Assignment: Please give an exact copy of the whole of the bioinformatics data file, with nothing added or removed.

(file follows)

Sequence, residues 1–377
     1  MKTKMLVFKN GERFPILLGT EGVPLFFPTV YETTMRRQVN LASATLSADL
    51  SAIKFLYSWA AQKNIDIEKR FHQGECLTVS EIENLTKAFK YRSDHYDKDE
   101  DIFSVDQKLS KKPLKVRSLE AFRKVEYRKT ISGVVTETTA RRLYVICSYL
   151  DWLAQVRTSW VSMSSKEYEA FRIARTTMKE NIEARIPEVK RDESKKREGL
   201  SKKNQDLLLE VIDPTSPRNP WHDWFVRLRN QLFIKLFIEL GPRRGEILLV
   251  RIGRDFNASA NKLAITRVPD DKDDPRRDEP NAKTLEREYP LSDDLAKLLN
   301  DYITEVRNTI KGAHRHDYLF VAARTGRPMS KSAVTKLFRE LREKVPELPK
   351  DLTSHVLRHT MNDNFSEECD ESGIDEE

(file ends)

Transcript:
Sequence, residues 1–377
     1  MKTKMLVFKN GERFPILLGT EGVPLFFPTV YETTMRRQVN LASATLSADL
    51  SAIKFLYSWA AQKNIDIEKR FHQGECLTVS EIENLTKAFK YRSDHYDKDE
   101  DIFSVDQKLS KKPLKVRSLE AFRKVEYRKT ISGVVTETTA RRLYVICSYL
   151  DWLAQVRTSW VSMSSKEYEA FRIARTTMKE NIEARIPEVK RDESKKREGL
   201  SKKNQDLLLE VIDPTSPRNP WHDWFVRLRN QLFIKLFIEL GPRRGEILLV
   251  RIGRDFNASA NKLAITRVPD DKDDPRRDEP NAKTLEREYP LSDDLAKLLN
   301  DYITEVRNTI KGAHRHDYLF VAARTGRPMS KSAVTKLFRE LREKVPELPK
   351  DLTSHVLRHT MNDNFSEECD ESGIDEE